Authorities in the Russian-occupied areas of the Luhansk region have issued a “government” order that bans the use of all Ukrainian-language books and educational materials in schools, and ordered that all such materials to be removed from school libraries.

A letter signed by Luhansk’s Vice Education Minister Leila Zotova, instructs managers and directors of all schools, universities and other educational institutions in the region that the removal of Ukrainian-language material is mandatory.

“Respected directors! The Ministry of Education and Science of the Luhansk People’s Republic (LNR) directs your attention to the fact that is impermissible of the use in educational activities, and the mandatory removal from libraries and professional educational organizations materials of all types (educational, reference, periodical etc.) and visual aids in the Ukrainian language,” the order said.


Ukrainian news platforms including the volunteer-run fact check group InformNapalm said the internal “Ministry” order, first published on the pro-Kyiv Skhidniy Telegram channel, was authentic. Kyiv Post researchers have found that the content of instructions and other publications issued by the LNR “Education Ministry” (LNREM) are always only in Russian,.

On Jan. 17, the LNREM announced a region-wide “Russian language Olympics” for middle school students, and on its public Telegram channel published a video statement by Sergei Kravtsov, Russia’s Education Minister, stating that Moscow will hand over 1.3 million Russian-language literature books to Luhansk educators and school libraries.

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The Kremlin goal is to fully integrate “new regions” such as Luhansk into the Russian Federation’s national education system, in the next two years, Kravtsov said.

An InformNapalm statement on the LNR language order said: “This is another fact of the consistent policy of the occupiers regarding the genocide of the Ukrainian nation, when children are taught by "pedagogues" imported from the Russian Federation, and everything Ukrainian, from language and literature to attributes of statehood, becomes an object of persecution.”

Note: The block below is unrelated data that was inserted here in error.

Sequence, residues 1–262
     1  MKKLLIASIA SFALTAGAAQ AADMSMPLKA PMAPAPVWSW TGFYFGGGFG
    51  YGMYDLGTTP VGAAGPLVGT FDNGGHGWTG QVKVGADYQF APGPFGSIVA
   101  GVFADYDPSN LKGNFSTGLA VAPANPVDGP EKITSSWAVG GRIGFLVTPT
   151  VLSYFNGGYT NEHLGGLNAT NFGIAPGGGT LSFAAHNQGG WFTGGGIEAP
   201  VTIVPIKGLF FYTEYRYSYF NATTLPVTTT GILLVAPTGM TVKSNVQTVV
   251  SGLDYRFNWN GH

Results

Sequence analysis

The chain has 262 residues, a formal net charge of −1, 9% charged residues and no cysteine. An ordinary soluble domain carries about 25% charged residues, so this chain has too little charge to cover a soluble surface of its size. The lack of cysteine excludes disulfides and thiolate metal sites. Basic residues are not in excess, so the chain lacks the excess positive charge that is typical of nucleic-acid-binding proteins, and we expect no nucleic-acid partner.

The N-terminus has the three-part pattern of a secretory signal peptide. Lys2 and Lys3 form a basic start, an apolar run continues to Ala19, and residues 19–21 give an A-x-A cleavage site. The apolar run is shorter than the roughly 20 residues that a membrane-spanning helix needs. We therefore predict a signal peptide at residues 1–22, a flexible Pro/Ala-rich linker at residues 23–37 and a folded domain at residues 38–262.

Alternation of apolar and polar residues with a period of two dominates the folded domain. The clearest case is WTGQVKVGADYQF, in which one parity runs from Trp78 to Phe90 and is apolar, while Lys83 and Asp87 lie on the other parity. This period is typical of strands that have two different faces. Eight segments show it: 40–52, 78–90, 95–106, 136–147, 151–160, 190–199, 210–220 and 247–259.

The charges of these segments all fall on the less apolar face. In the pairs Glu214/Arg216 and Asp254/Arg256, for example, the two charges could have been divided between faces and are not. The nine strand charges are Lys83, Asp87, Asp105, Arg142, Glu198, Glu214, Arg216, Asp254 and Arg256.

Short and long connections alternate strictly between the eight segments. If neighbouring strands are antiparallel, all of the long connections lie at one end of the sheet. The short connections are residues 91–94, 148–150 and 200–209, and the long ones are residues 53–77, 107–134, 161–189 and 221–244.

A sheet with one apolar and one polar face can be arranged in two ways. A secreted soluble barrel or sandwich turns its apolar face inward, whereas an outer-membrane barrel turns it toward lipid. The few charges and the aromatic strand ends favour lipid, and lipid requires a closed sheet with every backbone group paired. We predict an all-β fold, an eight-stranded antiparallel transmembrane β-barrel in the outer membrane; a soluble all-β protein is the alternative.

The so-called Luhansk People’s Republic (LNR) was established in 2014 after Kremlin-sponsored armed groups assisted by Russian troops forced out Ukrainian authorities in the east Ukrainian region bordering the Russia Federation’s south-western Rostov Oblast. Moscow initially denied it was involved in the military intervention, but later admitted its fighters took over the territory to “protect” Russian-language speakers supposedly persecuted by Ukraine’s national government. Most independent observers including Kyiv Post reporters have found little evidence supporting these claims.

Dmitry Medvedev, former Russian President and current deputy chairman of Russia’s Security council, in a post on his Telegram channel on Wednesday flatly denied Ukraine’s right to exist separately from Russia, and warned that continuing Ukrainian resistance to the Russian military will result in the total destruction of the Ukrainian nation. Ukrainian independence is impossible, he said.


“The existence of Ukraine is fatally dangerous for Ukrainians ... they will understand that life [with Russia] in a large common state, which they do not want very much now, is better than death. Their deaths and the deaths of their loved ones. And the sooner Ukrainians realize this, the better,” Medvedev wrote.

Olexander Scherba, a Ukraine Foreign Ministry ambassador-at-large, in a response to Medvedev on X (formerly Twitter) on Jan. 18 said: “This is Russia’s most genocidal statement so far. Dmitry “Demon” Medvedev, deputy head of 🇷🇺 Security Council & ex-president writes that Ukrainians face a choice: be part of Russia - or die with their families. Literally.”

According to local media in west Siberia, as Medvedev threatened Ukrainians with mass death and their elimination as a nation, pro-Russia activists in the remote oil-drilling city of Nefteuhansk announced the opening of a museum devoted to “materials typical of Ukrainian society which had been taken back to Russian by Kremlin troops invading Ukraine.

Exhibits, according to the Jan. 17 report published by the local news platform Neft-Novosti, include Ukrainian military uniforms and equipment, as well as civilian items such as newspapers and children's books in the Ukrainian language, car numbers, tape recorders, medals and certificates.


Denys Hrybkov, the head of a local branch of a pan-Russia civic activist veterans’ group called Union of Marines, said the purpose of the exhibition is “to show the similarities between Russians and Ukrainians and to inform [visitors] about the brotherhood of nations that were part of the USSR.”

Exhibition organizers plan to invite adult citizens and groups of schoolchildren to the museum, for whom “educational” events about formerly Ukrainian territories will be held, the report said.

The exhibits will expand over time as Russian troops bring back more “materials” from Ukraine, the report said.

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